Frames /sing

kvond

Digital Exhalations: Births, Deaths and CO2

Found over at Immanence, this animated model of “real time” CO2 emissions  and single births and deaths has a pictoral beauty to it. Statistics speak within the clothing of computer simulation, and one cannot help but feel a certain spatial continuity, especially when watching individual lives come and go. Like lights flickering, a living thing comes and vanishes across its stochastic horizon, accompanied by its own ideological rainstick sound atmospheric. As media work to affectively bind the bodies of people under new and different regimes of knowledge, something like “the environment” must necessarily pass through such a transformation. Think of the first maps of European navigation.

Sources for data: 

Birth and death rates: 2008 estimates, from the CIA World Factbook

Population: Data is based on July 2008 estimates from the CIA World Factbook. When Breathing Earth is started, it uses each country’s birth and death rates to calculate how much its population has changed since July 2008, and adjusts its population figure accordingly. To calculate the total world population, Breathing Earth adds up the population figures of all countries. It continues adjusting the various population figures as you watch it, each time a person is born or a person dies.

CO2 emission rates: 2004 figures from the United Nations Statistics Division. These are the most up-to-date figures as of December 2008. Collating CO2 emissions data for every country on Earth, representing the same time period, is undoubtedly a massive and very complex task that relies on the availability of many other sets of data. This probably explains why the most recent CO2 emissions data available is from 2004.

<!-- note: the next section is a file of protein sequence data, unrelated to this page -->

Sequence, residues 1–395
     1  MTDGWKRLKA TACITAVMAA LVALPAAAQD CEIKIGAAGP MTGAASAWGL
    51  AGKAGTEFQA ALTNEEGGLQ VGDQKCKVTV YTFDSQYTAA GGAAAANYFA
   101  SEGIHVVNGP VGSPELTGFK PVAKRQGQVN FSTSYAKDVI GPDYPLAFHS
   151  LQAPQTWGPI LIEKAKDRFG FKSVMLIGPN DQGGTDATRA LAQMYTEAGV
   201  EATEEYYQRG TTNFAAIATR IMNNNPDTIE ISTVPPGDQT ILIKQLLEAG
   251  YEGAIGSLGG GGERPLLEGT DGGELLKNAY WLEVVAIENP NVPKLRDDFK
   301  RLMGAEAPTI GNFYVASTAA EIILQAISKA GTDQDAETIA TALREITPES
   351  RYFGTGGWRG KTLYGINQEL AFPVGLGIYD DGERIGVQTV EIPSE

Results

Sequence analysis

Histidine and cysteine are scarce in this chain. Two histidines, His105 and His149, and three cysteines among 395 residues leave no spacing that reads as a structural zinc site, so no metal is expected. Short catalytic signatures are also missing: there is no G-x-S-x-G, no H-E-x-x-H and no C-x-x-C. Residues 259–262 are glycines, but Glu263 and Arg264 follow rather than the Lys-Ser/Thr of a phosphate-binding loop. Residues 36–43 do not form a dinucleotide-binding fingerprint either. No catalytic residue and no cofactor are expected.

CO2 emission rates from two years earlier: When Breathing Earth was first built, it used 2002 figures, also from the United Nations Statistics Division. When you hover your mouse over a country, Breathing Earth compares the 2002 and 2004 figures and indicates whether that country’s CO2 emissions have increased or decreased in that time, using the red or green arrow that appears near the bottom-left.

There was an unavailability of a portion of the data for a few of the tinier countries (eg. Vanuatu, Tuvalu, Lesotho). In such cases, I made estimates based on their population, economy, and the data of their relevant neighbours. In all such cases, the figures were so low that even had my estimates been wildly inaccurate, the effect on the simulation would have been negligible.

Advertisements

Leave a Reply

Fill in your details below or click an icon to log in:

WordPress.com Logo

You are commenting using your WordPress.com account. Log Out / Change )

Twitter picture

You are commenting using your Twitter account. Log Out / Change )

Facebook photo

You are commenting using your Facebook account. Log Out / Change )

Google+ photo

You are commenting using your Google+ account. Log Out / Change )

Connecting to %s

%d bloggers like this: